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The workplace collaboration company is opening a 100 person office in Dublin
I've been fascinated with the incredibly fast rise of workplace collaboration company Slack, which came seemingly out of nowhere to raise so much money that it is now worth $2.8 billion. Not bad for a company whose product only went live in February of last year.
So what does a company do when it raises this much money this quickly? It expands.
Slack is getting ready to go international for the first time, specifically in Europe, with plans to open an office in Dublin, it was revealed on Thursday. The company plans to hire up to 100 people to work there, with the support of the Department of Jobs, Enterprise and Innovation through IDA Ireland.
Slack has already put up a job listing for an account manager in Dublin, who will be "the primary point of contact for customers and prospects and also handles all escalation management to the appropriate internal groups."
There are a few other positions that have already been listed for the office, including a senior customer experience agent and a technical account manager. No timeframe is given as to when any of these positions need to be filled.
Looking through Slack's job listings might also offer a clue as to one other market the company might be looking at: Asia, as it also has a listing for a customer experience agent in the Asia/Pacific Rim region.
Slack certainly has the money, as it raised a $120 million round in October of last year, and suddenly become a unicorn, having been valued it at $1.12 billion. The company then more than doubled its funding, and valuation, just six months later, raising another $1.6 billion.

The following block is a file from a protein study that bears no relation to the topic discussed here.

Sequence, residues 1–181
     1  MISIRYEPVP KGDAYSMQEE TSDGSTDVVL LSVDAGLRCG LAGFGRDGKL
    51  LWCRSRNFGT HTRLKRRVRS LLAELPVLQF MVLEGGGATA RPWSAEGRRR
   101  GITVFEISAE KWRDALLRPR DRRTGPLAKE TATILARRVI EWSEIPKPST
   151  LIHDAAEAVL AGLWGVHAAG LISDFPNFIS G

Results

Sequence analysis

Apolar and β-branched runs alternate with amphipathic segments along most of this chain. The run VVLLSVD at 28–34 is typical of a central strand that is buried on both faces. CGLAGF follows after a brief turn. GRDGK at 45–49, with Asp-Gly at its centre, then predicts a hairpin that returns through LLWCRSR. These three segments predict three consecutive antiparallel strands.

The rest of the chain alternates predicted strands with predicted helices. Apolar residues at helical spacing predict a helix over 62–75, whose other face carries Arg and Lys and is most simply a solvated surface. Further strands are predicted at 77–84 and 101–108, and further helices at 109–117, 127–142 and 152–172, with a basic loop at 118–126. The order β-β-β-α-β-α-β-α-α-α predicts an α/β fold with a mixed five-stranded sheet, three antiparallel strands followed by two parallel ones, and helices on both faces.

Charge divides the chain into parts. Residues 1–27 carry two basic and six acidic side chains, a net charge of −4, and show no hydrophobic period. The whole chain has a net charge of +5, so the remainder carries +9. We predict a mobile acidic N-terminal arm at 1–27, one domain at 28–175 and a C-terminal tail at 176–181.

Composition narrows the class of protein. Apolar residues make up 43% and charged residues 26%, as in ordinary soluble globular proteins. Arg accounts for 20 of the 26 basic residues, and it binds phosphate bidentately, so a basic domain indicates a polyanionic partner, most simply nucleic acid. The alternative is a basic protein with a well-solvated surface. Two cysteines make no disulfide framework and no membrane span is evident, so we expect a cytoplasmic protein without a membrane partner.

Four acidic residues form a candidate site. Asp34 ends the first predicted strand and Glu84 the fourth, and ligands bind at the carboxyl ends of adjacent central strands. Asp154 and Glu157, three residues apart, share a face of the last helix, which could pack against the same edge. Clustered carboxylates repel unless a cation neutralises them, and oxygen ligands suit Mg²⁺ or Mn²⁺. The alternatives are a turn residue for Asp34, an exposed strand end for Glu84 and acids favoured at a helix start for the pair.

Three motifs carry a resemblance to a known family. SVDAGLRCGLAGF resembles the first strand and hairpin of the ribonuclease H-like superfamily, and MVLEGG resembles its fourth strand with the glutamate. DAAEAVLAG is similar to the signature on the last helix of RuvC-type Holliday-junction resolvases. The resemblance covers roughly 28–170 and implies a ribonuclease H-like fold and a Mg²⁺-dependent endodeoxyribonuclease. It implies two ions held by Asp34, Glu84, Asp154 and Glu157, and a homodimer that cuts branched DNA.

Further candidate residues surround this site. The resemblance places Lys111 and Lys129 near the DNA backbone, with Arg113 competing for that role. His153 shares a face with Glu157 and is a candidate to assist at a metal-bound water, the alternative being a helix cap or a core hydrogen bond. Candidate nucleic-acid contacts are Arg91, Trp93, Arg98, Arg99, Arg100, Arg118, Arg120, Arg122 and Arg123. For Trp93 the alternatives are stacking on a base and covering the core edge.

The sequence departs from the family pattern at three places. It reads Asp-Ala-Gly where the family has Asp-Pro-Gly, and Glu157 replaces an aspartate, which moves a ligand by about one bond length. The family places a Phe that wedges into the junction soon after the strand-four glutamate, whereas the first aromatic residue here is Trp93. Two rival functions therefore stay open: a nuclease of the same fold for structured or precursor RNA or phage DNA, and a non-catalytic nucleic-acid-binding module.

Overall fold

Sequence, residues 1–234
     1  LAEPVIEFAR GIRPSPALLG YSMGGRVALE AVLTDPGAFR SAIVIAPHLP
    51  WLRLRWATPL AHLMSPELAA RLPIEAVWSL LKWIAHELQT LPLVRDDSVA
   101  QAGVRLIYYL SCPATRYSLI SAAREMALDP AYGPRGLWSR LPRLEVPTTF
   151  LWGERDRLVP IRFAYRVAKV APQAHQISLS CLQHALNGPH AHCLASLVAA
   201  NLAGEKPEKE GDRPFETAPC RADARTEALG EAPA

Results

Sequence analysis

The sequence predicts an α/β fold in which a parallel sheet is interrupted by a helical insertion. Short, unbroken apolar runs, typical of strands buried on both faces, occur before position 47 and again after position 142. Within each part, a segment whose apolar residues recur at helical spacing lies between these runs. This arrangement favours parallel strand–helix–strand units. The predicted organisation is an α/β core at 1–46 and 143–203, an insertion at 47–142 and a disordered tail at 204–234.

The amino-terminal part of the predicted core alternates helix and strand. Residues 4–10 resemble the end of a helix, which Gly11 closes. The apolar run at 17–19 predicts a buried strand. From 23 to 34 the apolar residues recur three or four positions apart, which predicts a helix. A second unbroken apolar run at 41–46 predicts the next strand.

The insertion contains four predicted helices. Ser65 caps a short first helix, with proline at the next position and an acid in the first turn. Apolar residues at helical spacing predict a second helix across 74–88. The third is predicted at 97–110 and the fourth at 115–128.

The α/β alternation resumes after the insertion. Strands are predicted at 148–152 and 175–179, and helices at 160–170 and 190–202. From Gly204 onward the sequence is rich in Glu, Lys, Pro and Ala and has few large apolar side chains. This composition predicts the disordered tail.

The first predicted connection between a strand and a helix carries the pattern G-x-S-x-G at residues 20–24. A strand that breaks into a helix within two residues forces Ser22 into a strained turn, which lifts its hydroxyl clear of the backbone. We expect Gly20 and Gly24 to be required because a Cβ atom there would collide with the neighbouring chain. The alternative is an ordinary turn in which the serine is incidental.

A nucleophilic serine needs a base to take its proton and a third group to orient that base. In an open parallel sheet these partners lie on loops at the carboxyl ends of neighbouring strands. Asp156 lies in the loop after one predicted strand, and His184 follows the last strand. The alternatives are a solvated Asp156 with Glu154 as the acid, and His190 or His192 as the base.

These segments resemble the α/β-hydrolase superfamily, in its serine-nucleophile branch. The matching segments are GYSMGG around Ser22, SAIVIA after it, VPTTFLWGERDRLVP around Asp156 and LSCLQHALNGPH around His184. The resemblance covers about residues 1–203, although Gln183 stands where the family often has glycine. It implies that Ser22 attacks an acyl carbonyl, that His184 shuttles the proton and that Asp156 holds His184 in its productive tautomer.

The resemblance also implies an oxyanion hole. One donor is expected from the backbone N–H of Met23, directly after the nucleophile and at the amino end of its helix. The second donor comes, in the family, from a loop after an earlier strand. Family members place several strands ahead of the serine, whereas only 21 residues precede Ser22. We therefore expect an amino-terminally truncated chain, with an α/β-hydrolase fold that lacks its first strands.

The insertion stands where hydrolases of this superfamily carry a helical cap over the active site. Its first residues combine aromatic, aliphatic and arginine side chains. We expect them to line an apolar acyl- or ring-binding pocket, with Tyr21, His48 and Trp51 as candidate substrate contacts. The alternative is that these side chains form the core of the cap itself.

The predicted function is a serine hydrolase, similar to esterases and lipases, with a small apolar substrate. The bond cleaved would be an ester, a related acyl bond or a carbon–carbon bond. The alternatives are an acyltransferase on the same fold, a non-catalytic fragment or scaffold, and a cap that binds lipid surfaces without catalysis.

Expansion was probably inevitable for Slack, but why Dublin? There are two potential reasons for that, as outlined by the Journal.
The first is a financial incentive in the form of a 12.5% corporate tax rate, among the lowest in Europe. Second has to do with privacy, and its data protection commissioner who is apparently seen as easier to work with than his counterparts in other European countries.
Those two factors have turned Dublin into city that many other tech firms have gravitated toward, including Facebook and Twitter.
"Dublin is a well established tech hub for Europe, so it was a natural choice. We're excited to be there. No immediate plans for other offices right now," a spokesperson for Slack told me.
Slack is a spinoff of Tiny Speck, is a company that was started by Stewart Butterfield, who previously started Flickr. Its first product was a Flash-based multiplayer online game called Glitch. After Glitch was shut down, Tiny Speck launched Slack in August 2013.
The company isn't just growing its valuation at a rapid pace, but its user base as well. It is now used daily by over 750,000 people, and has over 200,000 paid seats. Both daily active users and paid seats have more than doubled since the beginning of this year.
What Slack does it similar to Yammer, the enterprise network that was bought by Microsoft for $1.2 billion in 2012. It's a workplace collaboration network that seeks to bring team communication onto a single platform. It integrates with services that include Twitter, Dropbox, Trello, Asana, Google Docs, JIRA, MailChimp, Stripe, Zendesk and others to help consolidate team data.
A few of Slacks customers include Expedia, Intuit, Citrix, Dow Jones, Motley Fool, Buzzfeed, Medium, Times of London, Rdio, Pandora, Paypal, Urban Outfitters, Blue Bottle Coffee, Sony, Dell, ITV, NBCUniversal, TV4, Shutterstock, Stripe, Braintree, Adobe, Typekit, Behance, Foursquare, Yelp, Automattic (Wordpress), eBay, Tumblr, Trunk Club, Seagate, HBO, Vox Media, Gawker Media, Eventbrite, Quora, Slate, DigitalOcean, NVIDIA, AOL, Venmo, Salesforce, Autodesk, Nordstrom, Live Nation and Airbnb.
(Image source: innovationinmedtech.com)
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